Best Regions for Kids
With family-oriented resorts on mellow beaches, interesting culture (Fijian and Indo-Fijian) and magical interior landscapes, Fiji is our top pick for families.
There's lots of roomy accommodation in Tonga, and plenty of things to keep kids entertained (caves, snorkels, boats, lagoons...). The food isn't spicy, and Tongans love kids!
Volcanoes and cannibal caves may lure you away from Vanuatu's idyllic coasts. European-tinged Port Vila is a very family-friendly capital.
- Rarotonga & the Cook Islands
Beyond the beach there's fruit smoothies aplenty, and activities from lagoon tours and snorkelling to gentle backroad cycling and exploring Rarotonga's reefs on a semi-submersible boat.
- New Caledonia
An aquarium, a cultural centre and cool critters (fruit bats!) – great fun when you need a break from the beach.
What to Pack
There are a few sweeping kiddie generalisations that can ease your South Pacific passage. One essential is sunscreen (expensive on many islands), plus insect repellent and rain gear. BYO kid-size snorkelling gear, too.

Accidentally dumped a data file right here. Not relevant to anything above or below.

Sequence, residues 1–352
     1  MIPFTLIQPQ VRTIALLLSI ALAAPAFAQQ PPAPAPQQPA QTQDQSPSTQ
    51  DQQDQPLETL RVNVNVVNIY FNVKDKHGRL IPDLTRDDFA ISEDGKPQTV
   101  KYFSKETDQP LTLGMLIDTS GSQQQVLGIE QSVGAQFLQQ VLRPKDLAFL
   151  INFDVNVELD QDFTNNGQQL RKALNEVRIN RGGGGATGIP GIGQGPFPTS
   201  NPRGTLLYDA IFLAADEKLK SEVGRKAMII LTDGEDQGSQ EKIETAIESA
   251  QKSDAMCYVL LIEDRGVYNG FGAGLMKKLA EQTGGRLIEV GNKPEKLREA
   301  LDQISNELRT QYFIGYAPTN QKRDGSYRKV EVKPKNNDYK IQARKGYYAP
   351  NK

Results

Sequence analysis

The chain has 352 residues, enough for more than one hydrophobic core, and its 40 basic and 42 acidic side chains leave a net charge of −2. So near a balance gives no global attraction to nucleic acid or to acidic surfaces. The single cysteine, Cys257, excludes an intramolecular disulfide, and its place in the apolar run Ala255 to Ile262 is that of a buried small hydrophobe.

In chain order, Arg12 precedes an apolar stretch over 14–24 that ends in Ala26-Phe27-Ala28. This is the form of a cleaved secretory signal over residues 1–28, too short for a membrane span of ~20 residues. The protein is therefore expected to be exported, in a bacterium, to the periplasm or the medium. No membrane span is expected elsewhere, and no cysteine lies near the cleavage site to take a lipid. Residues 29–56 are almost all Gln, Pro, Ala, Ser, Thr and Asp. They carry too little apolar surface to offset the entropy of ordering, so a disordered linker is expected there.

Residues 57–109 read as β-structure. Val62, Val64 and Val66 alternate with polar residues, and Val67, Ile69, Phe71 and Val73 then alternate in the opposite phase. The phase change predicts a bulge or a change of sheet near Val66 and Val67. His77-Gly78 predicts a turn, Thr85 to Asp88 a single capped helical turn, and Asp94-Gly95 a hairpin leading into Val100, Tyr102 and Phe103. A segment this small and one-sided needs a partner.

At flashy resorts there may be organised kids' activities as part of the deal. Some hotels and resorts have no-children policies; others let kids stay for free – check when you're booking.
Note that child-rearing is often a communal responsibility here – you might find your toddler on the hip of a motherly eight-year-old, or see your older kids absorbed into games with local children.
Babies & Toddlers
A folding pushchair is handy, despite scrappy (or non-existent) footpaths. Strap-on baby carriers are a better idea for hiking or exploring archaeological sites.
Public baby-change facilities are rare: bring a portable change mat and disinfectant handwash gel. Disposable nappies (diapers) and powdered milk (formula) are available from pharmacies and supermarkets in many large towns, but they can be expensive. Don't expect high-chairs anywhere beyond the fancy resorts.
A lightweight mosquito net to drape over your toddler's cot is also a good idea.
Help middle-sized kids get more out of their South Seas experience: pack binoculars to zoom in on wildlife, surfers etc; a camera to inject some fun into ‘boring’ grown-up sights and walks; and field guides to island flora and fauna ('Is that a red shining parrot or a kingfisher?').
Getting teenagers to attempt some local language is a sure-fire way to shake off sullenness: pick up Lonely Planet's South Pacific Phrasebook. A dogeared copy of Mutiny on the Bounty or the funny The Sex Lives of Cannibals will keep them in the here-and-now.
Pack teen-sized masks, snorkels and flippers if your 16-year-olds aren't as big as you are.
South Pacific for Kids
Few regions in the world are as family friendly as the South Pacific. With endless sunshine, boundless beaches and swimming and snorkelling on tap, there’s plenty to keep kids engaged. Family is profoundly important and children are cherished in island cultures – your kids can expect plenty of cheek-tweaking attention!